How much tax revenue would it generate?
A study by New Jersey Policy Perspective and New Jersey United for Marijuana Reform said the measure would generate at least $300 million in new tax revenue for the state.
Last year, Colorado reaped $200 million in tax revenue.
The state of Washington, which slaps an hefty 37 percent sales tax on cannabis purchases, collected $350 million over three years, according to a report in November by marijuana.com.
States with legal weed are projected to net $655 million in state taxes this year, according to a report by Forbes.
Voters have approved recreational marijuana in Alaska, California, Maine, Massachusetts, Washington, Washington D.C., Colorado, Nevada and Oregon.
Getting support with a Colorado road tripScutari has succeeded in getting crucial support from the leaders in both the Senate and Assembly — a must in order for the bill to be scheduled for hearings in committees and floor votes in both houses.
Scutari did so in part by taking lawmakers on a tour of recreational marijuana shops in Colorado and meeting with law enforcement officials and government regulators in October. They learned recreational marijuana has created nearly 29,000 jobs, revitalized the economy of some struggling blue-collar towns and reduced the number of drug possession arrests by about 80 percent.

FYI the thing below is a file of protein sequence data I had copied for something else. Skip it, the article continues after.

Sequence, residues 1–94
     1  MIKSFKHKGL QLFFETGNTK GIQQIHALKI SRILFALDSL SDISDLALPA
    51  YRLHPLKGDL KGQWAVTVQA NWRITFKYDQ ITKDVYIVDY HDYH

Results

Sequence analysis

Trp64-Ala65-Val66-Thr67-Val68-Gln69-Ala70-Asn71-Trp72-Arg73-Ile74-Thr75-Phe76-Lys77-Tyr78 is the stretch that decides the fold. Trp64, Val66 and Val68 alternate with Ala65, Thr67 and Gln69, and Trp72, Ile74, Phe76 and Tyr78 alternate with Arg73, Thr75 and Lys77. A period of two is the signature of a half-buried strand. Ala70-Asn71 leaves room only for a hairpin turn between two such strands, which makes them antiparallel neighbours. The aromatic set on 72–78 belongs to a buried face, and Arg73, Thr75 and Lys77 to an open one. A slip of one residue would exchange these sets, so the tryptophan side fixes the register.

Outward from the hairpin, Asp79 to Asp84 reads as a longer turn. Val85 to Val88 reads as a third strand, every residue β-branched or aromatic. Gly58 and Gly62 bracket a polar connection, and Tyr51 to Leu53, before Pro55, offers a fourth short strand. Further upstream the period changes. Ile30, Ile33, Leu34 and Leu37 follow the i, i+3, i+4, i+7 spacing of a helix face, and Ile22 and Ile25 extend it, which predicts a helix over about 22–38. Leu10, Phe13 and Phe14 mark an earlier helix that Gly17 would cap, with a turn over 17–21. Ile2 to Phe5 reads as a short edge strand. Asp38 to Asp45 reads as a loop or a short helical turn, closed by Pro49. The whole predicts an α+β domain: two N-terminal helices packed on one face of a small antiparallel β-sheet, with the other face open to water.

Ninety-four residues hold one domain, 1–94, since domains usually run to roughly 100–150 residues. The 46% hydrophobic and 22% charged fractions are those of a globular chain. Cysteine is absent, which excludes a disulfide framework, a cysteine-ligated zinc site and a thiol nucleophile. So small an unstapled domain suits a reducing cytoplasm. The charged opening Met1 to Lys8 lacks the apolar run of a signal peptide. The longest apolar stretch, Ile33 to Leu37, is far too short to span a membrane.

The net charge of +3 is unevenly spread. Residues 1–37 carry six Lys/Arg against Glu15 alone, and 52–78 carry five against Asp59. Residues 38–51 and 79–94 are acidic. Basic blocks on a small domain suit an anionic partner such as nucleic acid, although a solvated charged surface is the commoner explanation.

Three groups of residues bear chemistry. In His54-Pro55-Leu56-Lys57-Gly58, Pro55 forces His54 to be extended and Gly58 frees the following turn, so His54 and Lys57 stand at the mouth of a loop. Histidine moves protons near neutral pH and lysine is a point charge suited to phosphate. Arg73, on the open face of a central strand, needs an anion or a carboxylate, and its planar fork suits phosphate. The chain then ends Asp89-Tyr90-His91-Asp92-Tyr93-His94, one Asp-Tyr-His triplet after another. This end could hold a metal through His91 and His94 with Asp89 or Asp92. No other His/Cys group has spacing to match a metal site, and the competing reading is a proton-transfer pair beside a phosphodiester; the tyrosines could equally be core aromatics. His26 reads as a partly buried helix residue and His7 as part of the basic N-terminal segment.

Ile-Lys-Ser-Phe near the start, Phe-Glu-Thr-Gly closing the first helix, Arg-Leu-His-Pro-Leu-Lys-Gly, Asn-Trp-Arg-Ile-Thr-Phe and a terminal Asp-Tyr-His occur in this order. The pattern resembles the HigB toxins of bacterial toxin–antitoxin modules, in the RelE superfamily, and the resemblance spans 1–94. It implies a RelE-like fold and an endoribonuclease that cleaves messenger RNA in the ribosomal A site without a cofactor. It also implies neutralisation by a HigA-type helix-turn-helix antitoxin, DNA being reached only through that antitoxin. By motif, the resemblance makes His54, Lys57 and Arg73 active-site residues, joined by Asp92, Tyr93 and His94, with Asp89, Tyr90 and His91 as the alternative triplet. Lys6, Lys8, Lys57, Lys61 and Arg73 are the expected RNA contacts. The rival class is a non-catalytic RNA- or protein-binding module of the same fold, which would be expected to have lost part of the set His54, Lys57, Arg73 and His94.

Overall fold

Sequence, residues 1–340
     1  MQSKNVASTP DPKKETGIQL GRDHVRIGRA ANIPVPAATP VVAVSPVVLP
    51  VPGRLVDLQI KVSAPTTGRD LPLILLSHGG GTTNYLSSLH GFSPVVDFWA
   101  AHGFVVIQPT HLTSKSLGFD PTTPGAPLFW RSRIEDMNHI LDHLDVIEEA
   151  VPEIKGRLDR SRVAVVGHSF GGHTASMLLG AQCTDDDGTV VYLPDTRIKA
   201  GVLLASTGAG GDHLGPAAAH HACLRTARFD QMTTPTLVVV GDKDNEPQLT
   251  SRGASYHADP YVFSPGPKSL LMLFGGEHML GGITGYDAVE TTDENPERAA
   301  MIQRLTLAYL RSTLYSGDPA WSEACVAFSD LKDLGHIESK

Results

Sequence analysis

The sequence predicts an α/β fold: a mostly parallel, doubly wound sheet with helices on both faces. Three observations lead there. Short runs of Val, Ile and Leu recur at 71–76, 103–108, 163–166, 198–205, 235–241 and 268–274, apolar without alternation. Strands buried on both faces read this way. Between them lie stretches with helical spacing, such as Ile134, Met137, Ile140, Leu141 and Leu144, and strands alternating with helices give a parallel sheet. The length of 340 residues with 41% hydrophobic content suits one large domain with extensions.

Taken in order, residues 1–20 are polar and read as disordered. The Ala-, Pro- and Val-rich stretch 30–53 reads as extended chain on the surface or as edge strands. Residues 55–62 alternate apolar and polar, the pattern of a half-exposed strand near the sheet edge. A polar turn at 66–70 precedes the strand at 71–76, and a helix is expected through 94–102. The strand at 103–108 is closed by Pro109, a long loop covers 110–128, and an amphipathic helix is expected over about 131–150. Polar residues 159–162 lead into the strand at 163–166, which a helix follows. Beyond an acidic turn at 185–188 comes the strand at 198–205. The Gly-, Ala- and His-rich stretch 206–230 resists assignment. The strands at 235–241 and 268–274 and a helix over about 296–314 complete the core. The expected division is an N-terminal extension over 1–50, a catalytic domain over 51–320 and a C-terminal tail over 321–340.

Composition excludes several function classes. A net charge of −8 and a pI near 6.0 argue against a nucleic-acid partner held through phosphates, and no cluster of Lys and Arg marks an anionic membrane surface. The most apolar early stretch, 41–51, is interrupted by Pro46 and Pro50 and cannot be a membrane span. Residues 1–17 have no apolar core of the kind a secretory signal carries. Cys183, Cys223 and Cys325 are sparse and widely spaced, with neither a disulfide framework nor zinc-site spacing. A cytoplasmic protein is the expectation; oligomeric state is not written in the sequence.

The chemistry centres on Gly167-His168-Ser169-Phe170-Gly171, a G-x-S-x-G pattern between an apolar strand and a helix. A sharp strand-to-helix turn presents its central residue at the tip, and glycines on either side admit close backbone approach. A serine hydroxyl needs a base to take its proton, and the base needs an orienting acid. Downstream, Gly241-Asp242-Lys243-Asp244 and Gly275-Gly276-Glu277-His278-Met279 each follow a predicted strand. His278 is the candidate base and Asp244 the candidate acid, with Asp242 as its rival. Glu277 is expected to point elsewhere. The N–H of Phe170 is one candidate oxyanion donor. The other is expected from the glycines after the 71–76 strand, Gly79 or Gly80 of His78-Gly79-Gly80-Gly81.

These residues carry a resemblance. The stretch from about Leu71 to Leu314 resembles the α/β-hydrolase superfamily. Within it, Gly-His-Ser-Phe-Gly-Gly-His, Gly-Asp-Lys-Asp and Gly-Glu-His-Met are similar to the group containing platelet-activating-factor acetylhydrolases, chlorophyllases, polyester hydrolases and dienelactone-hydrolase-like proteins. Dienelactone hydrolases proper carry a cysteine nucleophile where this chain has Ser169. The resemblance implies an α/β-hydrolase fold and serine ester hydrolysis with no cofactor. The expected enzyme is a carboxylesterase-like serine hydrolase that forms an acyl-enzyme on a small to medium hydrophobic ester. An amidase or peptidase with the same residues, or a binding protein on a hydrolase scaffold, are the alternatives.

"I was on board before we went, but I am absolutely sold that this industry can be regulated. It's safe, it's well managed. Colorado has done an amazing job," Sweeney said during a press conference recounting the trip. "We are going to have a new governor in January 2018. As soon as the governor gets situated we are all here and we intend to move quickly on it."
What about Trump?
Donald Trump winning the 2016 presidential election and picking former U.S. Sen. Jeff Sessions as his Attorney General could pose a problem for any state that has or intends to legalize cannabis.
When he was in the Senate, Sessions made numerous remarks revealing his antipathy to marijuana. When he was U.S. Attorney in Alabama in the 1980s, Sessions said he thought the KKK "were OK until I found out they smoked pot," a statement he later explained he made in jest. Last year, Sessions opined: "Good people don't smoke marijuana." He also said: "We need grownups in charge in Washington to say marijuana is not the kind of thing that ought to be legalized, it ought not to be minimized, that it's in fact a very real danger."
Then last week, a memo Sessions wrote as attorney general went public in which he asks Congress not to renew an Obama-era policy that prevents federal law enforcement officials from targeting medical marijuana facilities.
Scutari has said he will proceed with promoting the legislation regardless of what happens in Washington.